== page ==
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Research finds young people in rural Suffolk facing complex challenges

PUBLISHED: 14:18 24 June 2017

Bill Turnbull (centre) hosted the launch of the Seckford Foundation�s Annual Review and rural research in partnership with the University of Suffolk. (L-R) Professor Noel Smith, researcher at University of Suffolk; Graham Watson, director of the Seckford Foundation; Roger Finbow, chairman of the Seckford Foundation; and Dr Shamser Sinha, researcher at University of Suffolk. Picture: JAMES FLETCHER PHOTOGRAPHY

Bill Turnbull (centre) hosted the launch of the Seckford Foundation�s Annual Review and rural research in partnership with the University of Suffolk. (L-R) Professor Noel Smith, researcher at University of Suffolk; Graham Watson, director of the Seckford Foundation; Roger Finbow, chairman of the Seckford Foundation; and Dr Shamser Sinha, researcher at University of Suffolk. Picture: JAMES FLETCHER PHOTOGRAPHY

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Young people living in rural Suffolk are at risk of feeling “locked in” and disconnected from education and employment opportunities, new research has found.

Suffolk charity the Seckford Foundation commissioned the research which discovered some youngsters having difficulties over finances, particularly low incomes, compounded by the complex lives they lead.

They are attempting to maintain jobs and education in the face of access issues, and some also had to manage poverty, family caring responsibilities, homelessness, and mental health issues.

The research found these complex challenges resulted in young people having restricted access to opportunities and a sense of being “spatially locked-in” and disconnected.

The experiences of both advantaged and disadvantaged young people were examined.

Recommendations include a call to parish councils and community organisations to halt and reverse the trend of declining youth provision in rural areas, and the involvement of business organisations and employers in giving talks in schools to broaden young people’s aspirations, and help connect young people to jobs, training and careers knowledge.

The Seckford Foundation, which launched the research by the University of Suffolk at an event hosted by ex-BBC Breakfast presenter Bill Turnbull, said the findings would guide its priorities in the future.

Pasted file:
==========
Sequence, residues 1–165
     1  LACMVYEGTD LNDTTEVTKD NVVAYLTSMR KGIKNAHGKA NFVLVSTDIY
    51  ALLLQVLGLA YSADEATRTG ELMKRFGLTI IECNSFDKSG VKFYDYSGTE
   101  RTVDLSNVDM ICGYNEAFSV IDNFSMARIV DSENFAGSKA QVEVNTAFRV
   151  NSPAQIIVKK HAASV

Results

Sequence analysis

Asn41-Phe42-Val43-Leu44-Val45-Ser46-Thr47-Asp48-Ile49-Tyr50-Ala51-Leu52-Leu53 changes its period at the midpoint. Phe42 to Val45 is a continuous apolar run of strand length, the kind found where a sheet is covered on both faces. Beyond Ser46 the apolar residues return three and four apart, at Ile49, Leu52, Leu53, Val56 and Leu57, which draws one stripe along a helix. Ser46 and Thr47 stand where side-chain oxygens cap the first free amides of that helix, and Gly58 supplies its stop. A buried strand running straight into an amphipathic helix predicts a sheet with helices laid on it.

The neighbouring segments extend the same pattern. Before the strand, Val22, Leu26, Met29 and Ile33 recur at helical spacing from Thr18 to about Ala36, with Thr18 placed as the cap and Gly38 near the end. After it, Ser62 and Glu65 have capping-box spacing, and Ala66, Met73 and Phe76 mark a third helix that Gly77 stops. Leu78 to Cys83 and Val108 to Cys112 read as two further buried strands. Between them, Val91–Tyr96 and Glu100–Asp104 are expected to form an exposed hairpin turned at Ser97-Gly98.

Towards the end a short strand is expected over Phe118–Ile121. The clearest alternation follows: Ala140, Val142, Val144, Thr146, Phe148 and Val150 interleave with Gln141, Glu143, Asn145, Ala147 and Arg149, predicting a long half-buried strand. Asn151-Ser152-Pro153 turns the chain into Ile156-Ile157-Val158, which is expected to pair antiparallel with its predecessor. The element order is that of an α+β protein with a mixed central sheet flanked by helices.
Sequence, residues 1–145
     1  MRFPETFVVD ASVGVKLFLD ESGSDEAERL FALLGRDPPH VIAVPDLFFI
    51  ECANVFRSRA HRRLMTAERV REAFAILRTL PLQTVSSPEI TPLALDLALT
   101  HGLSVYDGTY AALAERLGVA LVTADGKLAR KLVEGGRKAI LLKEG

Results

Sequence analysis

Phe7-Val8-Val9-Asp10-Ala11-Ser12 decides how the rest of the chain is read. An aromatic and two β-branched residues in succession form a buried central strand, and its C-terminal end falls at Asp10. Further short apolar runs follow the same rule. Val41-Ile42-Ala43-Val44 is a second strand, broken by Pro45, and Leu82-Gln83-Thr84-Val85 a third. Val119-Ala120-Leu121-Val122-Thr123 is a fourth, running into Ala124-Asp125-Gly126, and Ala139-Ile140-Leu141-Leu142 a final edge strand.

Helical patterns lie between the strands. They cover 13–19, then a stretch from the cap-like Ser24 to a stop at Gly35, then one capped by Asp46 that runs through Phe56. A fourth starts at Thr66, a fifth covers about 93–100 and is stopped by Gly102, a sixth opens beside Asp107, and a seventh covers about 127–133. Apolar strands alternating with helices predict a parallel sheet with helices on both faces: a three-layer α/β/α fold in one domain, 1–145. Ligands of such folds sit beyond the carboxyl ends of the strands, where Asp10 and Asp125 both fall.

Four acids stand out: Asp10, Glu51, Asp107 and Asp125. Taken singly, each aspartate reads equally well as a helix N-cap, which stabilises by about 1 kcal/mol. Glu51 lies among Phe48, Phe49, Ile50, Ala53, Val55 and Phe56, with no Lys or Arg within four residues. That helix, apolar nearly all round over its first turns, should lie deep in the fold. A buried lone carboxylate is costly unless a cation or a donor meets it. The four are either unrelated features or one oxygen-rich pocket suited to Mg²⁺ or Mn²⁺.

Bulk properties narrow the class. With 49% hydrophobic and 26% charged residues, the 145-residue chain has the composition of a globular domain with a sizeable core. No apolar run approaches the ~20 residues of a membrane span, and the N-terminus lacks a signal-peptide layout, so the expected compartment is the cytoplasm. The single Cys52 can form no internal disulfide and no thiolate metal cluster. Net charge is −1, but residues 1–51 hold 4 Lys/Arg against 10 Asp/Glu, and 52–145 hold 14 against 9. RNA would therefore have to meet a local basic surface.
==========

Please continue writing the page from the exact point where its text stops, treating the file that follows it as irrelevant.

Graham Watson, director of the Seckford Foundation, said: “We undertook the research to highlight the rural issues that young people face and we hope that it will lead to better support and more opportunities for this county’s young generation.”

Dr Shamser Sinha, researcher at the University of Suffolk, said: “The research has identified income deprivation as an obstacle to progression for disadvantaged young people in rural Suffolk.

“This is exacerbated by rural accessibility issues, and sometimes also by young people coping with a range of other complications including family caring and financial responsibilities, health issues, and housing insecurity.

“It also highlights the skills some young people are developing amidst adversity and what the community could do to improve progression for disadvantaged young people.”

A man in his 70s suffered serious internal head injuries when his car left the road and crashed into a ditch in mid Suffolk yesterday.

Four men from the Ukraine are facing people smuggling charges after a yacht with 19 migrants on board landed on the Suffolk coast.

A record shipment for the Port of Ipswich has reaffirmed its ranking as Britain’s number one agricultural export centre.

A motorist who jumped out of his car while it was still moving during a police car chase in Suffolk has been jailed for ten months.

Youngsters passionate about their planet and its future held a ‘green’ evening to share what they had learned and educate others.

Active Essex, the county’s sport and physical activity partnership, is expanding its This Girl Can programme by encouraging more women around the county to become ambassadors.

Macmillan Cancer Support is sending its ‘Dougie’ bus to Notcutts garden centre in Woodbridge to offer free, specialist information for people affected by cancer, as well as those who are worried about their risk and symptoms.

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